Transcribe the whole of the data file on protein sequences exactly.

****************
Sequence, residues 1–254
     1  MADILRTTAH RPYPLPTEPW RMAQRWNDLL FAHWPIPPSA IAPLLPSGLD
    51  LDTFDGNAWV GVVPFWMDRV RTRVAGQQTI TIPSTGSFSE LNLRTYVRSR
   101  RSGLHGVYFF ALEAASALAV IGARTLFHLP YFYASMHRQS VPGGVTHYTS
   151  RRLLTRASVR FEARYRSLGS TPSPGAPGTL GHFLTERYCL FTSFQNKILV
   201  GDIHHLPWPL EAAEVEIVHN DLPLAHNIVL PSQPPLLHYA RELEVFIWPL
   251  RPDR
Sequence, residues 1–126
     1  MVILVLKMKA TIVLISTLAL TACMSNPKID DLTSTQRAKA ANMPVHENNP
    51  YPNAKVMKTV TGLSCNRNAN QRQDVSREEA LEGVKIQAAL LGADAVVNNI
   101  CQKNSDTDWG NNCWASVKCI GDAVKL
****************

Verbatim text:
Sequence, residues 1–254
     1  MADILRTTAH RPYPLPTEPW RMAQRWNDLL FAHWPIPPSA IAPLLPSGLD
    51  LDTFDGNAWV GVVPFWMDRV RTRVAGQQTI TIPSTGSFSE LNLRTYVRSR
   101  RSGLHGVYFF ALEAASALAV IGARTLFHLP YFYASMHRQS VPGGVTHYTS
   151  RRLLTRASVR FEARYRSLGS TPSPGAPGTL GHFLTERYCL FTSFQNKILV
   201  GDIHHLPWPL EAAEVEIVHN DLPLAHNIVL PSQPPLLHYA RELEVFIWPL
   251  RPDR
Sequence, residues 1–126
     1  MVILVLKMKA TIVLISTLAL TACMSNPKID DLTSTQRAKA ANMPVHENNP
    51  YPNAKVMKTV TGLSCNRNAN QRQDVSREEA LEGVKIQAAL LGADAVVNNI
   101  CQKNSDTDWG NNCWASVKCI GDAVKL